On September 19, 2021, community leaders in Chattanooga, Tennessee dedicated a memorial to Ed Johnson, an innocent Black man wrongfully convicted and sentenced to death in 1906 for allegedly raping a white woman and lynched by a white mob after the U.S. Supreme Court issued an order staying his execution. The memorial also honors the two lawyers who worked to save him.

Eric Atkins, vice chair of the Ed Johnson Project committee, which spearheaded the creation of the memorial, said, “Hopefully with this memorial … we can have a changed heart. An open heart, where we are all free and we all have rights and we can all advance the way that the country is supposed to advance.”

Johnson was arrested in January 1906 on charges of raping Nevada Taylor, after a white man falsely accused Johnson so he could claim a $375 reward (equivalent to about $10,000 today). Despite alibi testimony from a dozen witnesses who said Johnson had been working at a saloon on the night of the attack, an all-white, all-male jury convicted him and sentenced him to death. Two pioneering Black attorneys, Noah Parden and Styles Hutchins, took up the case on appeal, risking threats of violence for their efforts to overturn Johnson’s conviction.

Parden was able to arrange a 10-minute meeting with U.S. Supreme Court Justice John Marshall Harlan, who had been the lone dissenter in Plessy v. Ferguson, the case that established the separate-but-equal doctrine. Harlan issued a stay on March 18, 1906, to allow the Court to hear Johnson’s case. On March 19, a mob broke into the jail where Johnson was being guarded by one 72-year-old sheriff’s deputy. They kidnapped Johnson and took him to the Walnut Street Bridge, where they demanded he confess to the crime. He told the mob. “God bless you all. I am a innocent man.”

The mob attempted to hang Johnson, but when their hanging attempts failed, they shot him to death. A note was placed on Johnson’s body, addressed to “Chief Harlan,” which told the justice, “Thanks for your kind consideration of him. You can find him at the morgue.”

Johnson’s lynching was followed by an unprecedented criminal trial at the Supreme Court, with the justices acting as jurors. To this day, it remains the only criminal trial held by the Court. The justices tried 25 men for contempt of court for their defiance of the Court’s stay of execution. Six men, including Hamilton County Sheriff Joseph Shipp, were convicted. Shipp and two others were sentenced to 90 days in jail, the three others to 60 days. They were welcomed back to Chattanooga by a crowd of 10,000 people and a band playing “I Wish I Was in Dixie.”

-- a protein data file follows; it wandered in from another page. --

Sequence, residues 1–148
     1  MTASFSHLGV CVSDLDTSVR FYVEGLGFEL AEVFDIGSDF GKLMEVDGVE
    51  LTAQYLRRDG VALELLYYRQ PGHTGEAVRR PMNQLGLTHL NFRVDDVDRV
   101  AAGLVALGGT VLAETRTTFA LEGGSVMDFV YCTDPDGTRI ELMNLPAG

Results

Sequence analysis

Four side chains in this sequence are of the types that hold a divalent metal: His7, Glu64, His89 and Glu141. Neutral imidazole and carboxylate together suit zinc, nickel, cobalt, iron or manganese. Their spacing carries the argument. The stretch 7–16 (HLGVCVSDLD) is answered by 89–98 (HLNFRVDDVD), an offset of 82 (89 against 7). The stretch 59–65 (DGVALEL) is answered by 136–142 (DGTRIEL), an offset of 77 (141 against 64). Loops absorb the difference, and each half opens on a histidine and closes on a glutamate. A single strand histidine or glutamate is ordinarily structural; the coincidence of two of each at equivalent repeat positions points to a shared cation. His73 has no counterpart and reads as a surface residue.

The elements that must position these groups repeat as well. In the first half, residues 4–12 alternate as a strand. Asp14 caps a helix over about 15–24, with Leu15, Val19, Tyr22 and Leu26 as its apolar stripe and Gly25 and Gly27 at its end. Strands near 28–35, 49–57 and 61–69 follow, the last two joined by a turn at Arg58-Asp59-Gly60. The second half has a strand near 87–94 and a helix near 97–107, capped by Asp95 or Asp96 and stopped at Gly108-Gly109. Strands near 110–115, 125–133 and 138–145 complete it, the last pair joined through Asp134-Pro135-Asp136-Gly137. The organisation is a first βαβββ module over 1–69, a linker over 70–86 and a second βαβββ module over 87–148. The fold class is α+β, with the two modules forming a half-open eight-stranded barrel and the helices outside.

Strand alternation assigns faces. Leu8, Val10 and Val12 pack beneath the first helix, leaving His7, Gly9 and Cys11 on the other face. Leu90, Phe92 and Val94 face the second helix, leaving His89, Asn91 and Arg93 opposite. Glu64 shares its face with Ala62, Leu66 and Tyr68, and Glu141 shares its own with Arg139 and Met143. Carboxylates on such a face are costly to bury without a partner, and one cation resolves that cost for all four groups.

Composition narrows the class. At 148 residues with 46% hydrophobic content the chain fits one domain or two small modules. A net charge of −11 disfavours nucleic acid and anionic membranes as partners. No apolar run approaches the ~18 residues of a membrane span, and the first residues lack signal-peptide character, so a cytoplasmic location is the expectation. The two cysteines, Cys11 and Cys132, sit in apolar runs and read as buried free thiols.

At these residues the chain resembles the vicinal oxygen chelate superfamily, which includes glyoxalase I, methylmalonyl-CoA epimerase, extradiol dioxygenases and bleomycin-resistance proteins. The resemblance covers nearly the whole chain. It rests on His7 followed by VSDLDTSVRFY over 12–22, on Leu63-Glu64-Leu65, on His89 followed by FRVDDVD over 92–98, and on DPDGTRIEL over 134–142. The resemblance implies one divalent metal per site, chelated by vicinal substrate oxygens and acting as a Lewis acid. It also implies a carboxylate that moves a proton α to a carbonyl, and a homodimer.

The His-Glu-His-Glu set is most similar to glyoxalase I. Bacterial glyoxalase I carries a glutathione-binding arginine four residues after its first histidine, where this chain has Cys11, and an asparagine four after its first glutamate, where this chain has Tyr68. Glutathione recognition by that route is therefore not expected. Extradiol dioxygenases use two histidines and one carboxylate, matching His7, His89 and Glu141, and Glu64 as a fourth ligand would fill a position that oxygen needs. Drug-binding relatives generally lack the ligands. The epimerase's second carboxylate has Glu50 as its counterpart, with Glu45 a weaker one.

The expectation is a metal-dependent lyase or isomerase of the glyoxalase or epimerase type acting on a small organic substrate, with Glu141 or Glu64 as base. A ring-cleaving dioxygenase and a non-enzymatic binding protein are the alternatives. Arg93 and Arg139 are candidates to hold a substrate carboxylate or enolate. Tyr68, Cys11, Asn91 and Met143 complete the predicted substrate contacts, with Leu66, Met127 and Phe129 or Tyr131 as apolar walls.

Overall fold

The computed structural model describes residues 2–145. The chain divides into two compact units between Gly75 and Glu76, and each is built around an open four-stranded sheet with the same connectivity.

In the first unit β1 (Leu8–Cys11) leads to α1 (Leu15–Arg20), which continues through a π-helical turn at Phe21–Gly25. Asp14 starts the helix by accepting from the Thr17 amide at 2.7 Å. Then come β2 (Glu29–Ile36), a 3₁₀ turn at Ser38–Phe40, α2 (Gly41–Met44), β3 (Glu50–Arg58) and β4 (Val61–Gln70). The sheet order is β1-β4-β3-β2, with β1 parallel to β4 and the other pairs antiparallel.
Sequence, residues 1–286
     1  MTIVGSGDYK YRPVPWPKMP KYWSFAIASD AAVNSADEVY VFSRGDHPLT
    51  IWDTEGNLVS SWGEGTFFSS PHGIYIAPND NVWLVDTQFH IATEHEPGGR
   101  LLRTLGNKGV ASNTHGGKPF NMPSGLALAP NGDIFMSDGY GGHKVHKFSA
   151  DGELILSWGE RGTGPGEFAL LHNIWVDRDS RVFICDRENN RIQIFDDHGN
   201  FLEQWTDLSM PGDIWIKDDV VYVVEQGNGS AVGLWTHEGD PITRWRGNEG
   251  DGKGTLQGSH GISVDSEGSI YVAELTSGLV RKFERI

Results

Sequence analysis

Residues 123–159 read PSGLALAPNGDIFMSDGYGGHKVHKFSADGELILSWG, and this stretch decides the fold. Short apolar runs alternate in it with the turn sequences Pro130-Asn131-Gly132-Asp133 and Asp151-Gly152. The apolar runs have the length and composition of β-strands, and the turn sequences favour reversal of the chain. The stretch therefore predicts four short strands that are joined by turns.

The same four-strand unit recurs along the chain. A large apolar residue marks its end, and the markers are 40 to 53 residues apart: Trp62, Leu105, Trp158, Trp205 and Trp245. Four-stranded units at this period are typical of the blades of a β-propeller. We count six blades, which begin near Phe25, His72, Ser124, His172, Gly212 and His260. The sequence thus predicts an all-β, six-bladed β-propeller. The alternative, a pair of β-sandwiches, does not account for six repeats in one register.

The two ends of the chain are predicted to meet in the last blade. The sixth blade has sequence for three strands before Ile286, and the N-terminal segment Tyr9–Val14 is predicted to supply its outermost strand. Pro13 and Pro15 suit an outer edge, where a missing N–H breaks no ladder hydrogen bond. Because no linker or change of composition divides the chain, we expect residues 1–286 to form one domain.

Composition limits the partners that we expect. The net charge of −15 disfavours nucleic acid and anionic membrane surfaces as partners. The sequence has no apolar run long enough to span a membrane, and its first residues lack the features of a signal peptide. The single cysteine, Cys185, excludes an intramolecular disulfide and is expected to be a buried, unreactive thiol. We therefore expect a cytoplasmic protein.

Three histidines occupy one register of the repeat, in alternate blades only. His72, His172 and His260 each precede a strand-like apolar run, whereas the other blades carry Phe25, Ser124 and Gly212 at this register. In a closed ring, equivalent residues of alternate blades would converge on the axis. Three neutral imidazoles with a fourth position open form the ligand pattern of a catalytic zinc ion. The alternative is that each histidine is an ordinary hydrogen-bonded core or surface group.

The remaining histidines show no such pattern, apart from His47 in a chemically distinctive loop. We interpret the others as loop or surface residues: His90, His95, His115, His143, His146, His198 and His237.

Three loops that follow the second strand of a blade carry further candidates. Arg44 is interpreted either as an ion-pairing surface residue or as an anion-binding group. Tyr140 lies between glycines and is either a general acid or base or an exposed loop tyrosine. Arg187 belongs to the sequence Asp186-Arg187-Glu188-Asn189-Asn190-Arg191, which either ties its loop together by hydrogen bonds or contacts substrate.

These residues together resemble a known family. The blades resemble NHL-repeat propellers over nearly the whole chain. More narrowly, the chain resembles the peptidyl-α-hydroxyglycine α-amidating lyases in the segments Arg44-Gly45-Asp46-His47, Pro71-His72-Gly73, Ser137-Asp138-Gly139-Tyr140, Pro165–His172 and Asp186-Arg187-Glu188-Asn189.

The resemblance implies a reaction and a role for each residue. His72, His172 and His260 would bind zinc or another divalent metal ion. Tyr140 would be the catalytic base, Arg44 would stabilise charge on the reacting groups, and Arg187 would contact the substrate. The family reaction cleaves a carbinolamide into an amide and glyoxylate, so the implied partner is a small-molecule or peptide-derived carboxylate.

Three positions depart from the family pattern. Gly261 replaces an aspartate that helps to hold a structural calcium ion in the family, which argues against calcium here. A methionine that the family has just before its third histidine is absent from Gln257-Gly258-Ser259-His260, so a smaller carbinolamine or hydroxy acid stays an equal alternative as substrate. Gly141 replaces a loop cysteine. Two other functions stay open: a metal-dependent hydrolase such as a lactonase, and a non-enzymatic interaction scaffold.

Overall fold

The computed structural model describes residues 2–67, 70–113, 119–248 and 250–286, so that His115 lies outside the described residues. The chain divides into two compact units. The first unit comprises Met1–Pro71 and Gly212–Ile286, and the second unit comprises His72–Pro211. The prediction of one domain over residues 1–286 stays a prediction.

Atkins said that the Supreme Court’s reaction was part of what made Johnson’s case stand out. “I think we can look to the Ed Johnson case and see that someone actually gave a damn about it and something was actually done about it, even though it was in contempt of court and it wasn’t about the lynching,” he said. “But you could see that because of the Supreme Court and the instances around the lynching, you could see that someone paid a debt that they owed even though they were small prison terms.”

Atkins said the memorial was a step in reckoning with the racist history of the United States. “We’ve done a lot of work to keep our good name as a nation, while there are many folks outside and within that know we have a complicated history,” he said. “And I think the more we deny the things — how we got the land, how my family got to this country — the more we deny those things, I think the less capable it makes us of actually dealing with the fault lines that persist today.”

Efforts to create a memorial began in 1999 when LaFrederick Thirkill organized a cleanup of the historic Black cemetery where Johnson is buried. Upon learning of Johnson’s case, Thirkill wrote a play, “Dead Innocent: The Ed Johnson Story,” and met with other groups around the country that were working to address racist violence. Thirkill used proceeds from a performance of the play to start the Ed Johnson Memorial Scholarship Fund. With the memorial, Thirkill said, the Walnut Street Bridge now “can be a place that doesn’t bring so much sadness. This memorial can be a place that brings some healing, for some, and some happiness for others, some vindication, finally some satisfaction that [Ed Johnson’s] name is being recognized in such a beautiful way.”

In 2000, Pastor Paul McDaniels successfully petitioned the Hamilton County Court to overturn Johnson’s conviction. In 2016, the Tennessee House adopted a resolution honoring Johnson and calling his lynching “unjustifiable.” At the dedication of the memorial, Chattanooga Mayor Tim Kelly issued a proclamation “apologizing to Mr. Ed Johnson to the miscarriage of justice that occurred on March 19th, 1906.”

Donivan Brown, chair of the Ed Johnson Project committee, described the memorial as an opportunity to move forward in the difficult process of healing. “If I burn your house down and then build a monument of your house, we’re not going to be healed,” he said. “There are some things I may have to engage with you on if I actually want to get to a place of healing. I actually might need to rebuild your house. Now, we can’t rebuild Ed Johnson’s body. We can’t re-import his spirit into a monument, but the best thing we can do is something that is emblematic of his life and the legacy that this case had and his lawyers.”


Photo: Topeka Daily Herald, April 7, 1906. Click here to enlarge.